12:34am Wednesday 19 February 2020

Posthumous master’s research favours group exercise for cardiac rehabilitation


Venessa Green

Ms Green was on the verge of completing her thesis when she died last year. She was posthumously awarded a Master of Health Science with distinction in Sport and Exercise at the Massey graduation ceremonies in Wellington today.

Her research aimed to determine the effects of a 16-week exercise-based cardiac rehabilitation programme for improving participants’ physical status, psychological well-being and quality of life, and to find out whether group-based exercise with social interaction is more beneficial than exercising alone.

Ms Green, who was studying part-time while working, conducted a pilot study with six participants in 2009, then a full study with 11 cardiac patients in 2010. Ms Green divided her 16-week exercise programme into four blocks of four weeks. All participants first did four weeks of standard group exercise activities (the baseline) in the Massey Cardiac Rehabilitation Clinic. The participant group then split in two, with half experiencing increased social interaction within group exercise, and the other half undertaking individual exercise and minimal social interaction. At the study’s mid-point participants did the four-week baseline again, and then for the final four weeks, they crossed over to the alternative intervention (technically known as a randomised crossover study design). Ms Green conducted comprehensive physical and psychological testing on participants at the start of the study and at each four-week point.

There were few statistically significant changes across the course of the study, possibly because of the small sample size, but the results suggest that group exercise may have a more positive effect than individual exercise on anxiety, depression and health-related quality of life. The study also generally produced the expected beneficial physical results from exercise: participants experienced a significant reduction in total cholesterol across the course of the study, and their diastolic blood pressure and blood sugar levels improved. Unexpectedly, though, HDL cholesterol significantly increased and TC/HDL cholesterol decreased.

When Ms Green died on June 29, 2011, she was very close to submitting the penultimate draft of her thesis. She had analysed all results for both her pilot and main studies, written all of her draft thesis chapters and re-worked them in light of feedback from her supervisors. She also had extensive annotated notes for the discussion section of the thesis. After her death, Ms Green’s primary supervisor, Associate Professor Antonia Lyons, turned those notes into a discussion section, using as many of Ms Green’s own sentences or partial sentences as she could and conducting no additional research. Dr Steve Humphries, her second supervisor, tidied up some language and structure, while friends checked referencing and formatting and ensured it was in complete form for printing and binding.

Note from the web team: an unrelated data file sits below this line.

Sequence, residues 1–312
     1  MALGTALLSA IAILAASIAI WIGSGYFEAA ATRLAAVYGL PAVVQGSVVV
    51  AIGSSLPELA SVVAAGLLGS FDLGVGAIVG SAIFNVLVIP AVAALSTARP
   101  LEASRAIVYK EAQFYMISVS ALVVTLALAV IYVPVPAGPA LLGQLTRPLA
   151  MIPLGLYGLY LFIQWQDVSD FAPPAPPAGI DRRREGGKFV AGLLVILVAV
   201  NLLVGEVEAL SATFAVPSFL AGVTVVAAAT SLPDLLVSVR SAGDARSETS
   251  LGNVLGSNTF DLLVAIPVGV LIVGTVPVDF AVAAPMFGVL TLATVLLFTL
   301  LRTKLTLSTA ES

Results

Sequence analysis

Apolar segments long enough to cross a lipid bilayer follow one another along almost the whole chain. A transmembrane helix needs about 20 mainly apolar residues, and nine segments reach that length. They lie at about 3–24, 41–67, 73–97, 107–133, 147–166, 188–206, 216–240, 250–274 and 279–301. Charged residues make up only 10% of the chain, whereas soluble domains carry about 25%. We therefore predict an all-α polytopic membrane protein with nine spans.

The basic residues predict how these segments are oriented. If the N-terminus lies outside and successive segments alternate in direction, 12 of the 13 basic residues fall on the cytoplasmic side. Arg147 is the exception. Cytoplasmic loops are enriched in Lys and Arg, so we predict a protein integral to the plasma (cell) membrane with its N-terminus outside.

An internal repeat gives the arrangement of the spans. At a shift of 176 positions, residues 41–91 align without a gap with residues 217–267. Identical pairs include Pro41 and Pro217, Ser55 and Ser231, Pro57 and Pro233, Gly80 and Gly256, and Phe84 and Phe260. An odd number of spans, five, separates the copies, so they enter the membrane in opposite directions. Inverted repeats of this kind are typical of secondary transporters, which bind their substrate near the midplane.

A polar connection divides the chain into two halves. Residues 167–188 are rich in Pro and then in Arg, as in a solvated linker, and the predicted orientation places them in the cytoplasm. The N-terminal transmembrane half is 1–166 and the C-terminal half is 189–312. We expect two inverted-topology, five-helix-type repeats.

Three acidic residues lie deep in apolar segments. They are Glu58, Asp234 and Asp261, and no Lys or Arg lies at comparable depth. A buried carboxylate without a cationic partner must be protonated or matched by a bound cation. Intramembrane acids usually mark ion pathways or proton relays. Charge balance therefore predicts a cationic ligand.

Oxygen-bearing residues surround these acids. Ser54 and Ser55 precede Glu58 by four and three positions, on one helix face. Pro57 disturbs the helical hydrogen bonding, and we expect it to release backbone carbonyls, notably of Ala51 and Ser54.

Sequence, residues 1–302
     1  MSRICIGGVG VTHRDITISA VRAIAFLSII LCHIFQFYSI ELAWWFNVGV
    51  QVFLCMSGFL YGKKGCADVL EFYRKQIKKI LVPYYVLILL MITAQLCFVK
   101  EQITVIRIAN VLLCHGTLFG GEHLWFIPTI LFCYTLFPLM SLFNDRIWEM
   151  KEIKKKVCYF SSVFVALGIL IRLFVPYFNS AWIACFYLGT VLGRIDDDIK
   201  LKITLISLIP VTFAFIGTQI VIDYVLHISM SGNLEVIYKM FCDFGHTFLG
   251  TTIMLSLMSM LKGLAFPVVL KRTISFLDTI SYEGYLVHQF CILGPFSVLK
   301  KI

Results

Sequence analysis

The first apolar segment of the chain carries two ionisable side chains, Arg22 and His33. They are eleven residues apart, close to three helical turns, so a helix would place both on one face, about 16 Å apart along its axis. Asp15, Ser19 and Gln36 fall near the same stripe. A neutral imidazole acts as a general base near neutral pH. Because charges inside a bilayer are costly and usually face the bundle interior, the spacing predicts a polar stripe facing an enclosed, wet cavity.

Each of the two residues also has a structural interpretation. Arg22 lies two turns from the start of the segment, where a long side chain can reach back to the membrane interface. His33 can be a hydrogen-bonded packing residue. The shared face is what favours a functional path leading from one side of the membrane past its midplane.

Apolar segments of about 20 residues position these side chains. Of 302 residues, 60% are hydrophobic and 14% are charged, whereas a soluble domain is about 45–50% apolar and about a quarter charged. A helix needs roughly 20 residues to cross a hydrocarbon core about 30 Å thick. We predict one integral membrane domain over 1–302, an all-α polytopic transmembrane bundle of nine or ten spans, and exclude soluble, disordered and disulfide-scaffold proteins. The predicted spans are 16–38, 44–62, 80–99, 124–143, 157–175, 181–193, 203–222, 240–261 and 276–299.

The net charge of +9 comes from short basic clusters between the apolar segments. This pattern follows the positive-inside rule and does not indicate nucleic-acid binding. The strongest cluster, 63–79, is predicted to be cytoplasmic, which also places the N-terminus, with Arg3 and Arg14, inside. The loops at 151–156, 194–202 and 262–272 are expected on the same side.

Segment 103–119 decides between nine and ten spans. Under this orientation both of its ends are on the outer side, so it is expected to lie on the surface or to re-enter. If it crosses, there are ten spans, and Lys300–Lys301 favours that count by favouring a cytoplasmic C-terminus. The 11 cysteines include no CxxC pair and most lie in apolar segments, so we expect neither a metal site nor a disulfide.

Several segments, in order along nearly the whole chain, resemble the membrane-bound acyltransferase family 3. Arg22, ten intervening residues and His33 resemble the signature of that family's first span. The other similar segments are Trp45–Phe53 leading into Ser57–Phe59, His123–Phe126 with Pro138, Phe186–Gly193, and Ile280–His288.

Many of Ms Green’s family and friends attended the graduation today. Her brother, Aaron Green, carried her gown and photograph across the stage and accepted her degree scroll. “Our family are tremendously proud of Venessa and what she has achieved. Her goal was always to attain her master’s degree and she dedicated herself to achieving this. Everything she set herself; she always put in 100%. Her personality would light up a room and we miss her very much,” Mr Green says.

Dr Lyons says Ms Green’s distinction grade was fully deserved. “Venessa worked tirelessly on her master’s research, despite many obstacles and the time-consuming nature of her data collection. She was great with her cardiac participants and got to know them well.

“Venessa was delightful to supervise as she was so motivated and her enthusiasm for her topic was infectious. She read widely, and drew on previous research conducted across a number of different disciplines, including cardiac rehabilitation and health psychology, pulling different strands together in a scholarly way.

“Venessa had just begun a new position as lecturer in Psychology at Weltec, a position ideally suited to her. Her bright and bubbly nature, alongside her many years of study, meant she had a huge amount to offer the students there. It is great to see her degree awarded and her hard work and achievements celebrated.”

The final line of the thesis acknowledgments, written by close friend Charlotte Stephens, speaks directly to Ms Green: “We are so proud that this thesis is complete and will celebrate the day you graduate for you.”

Massey University.

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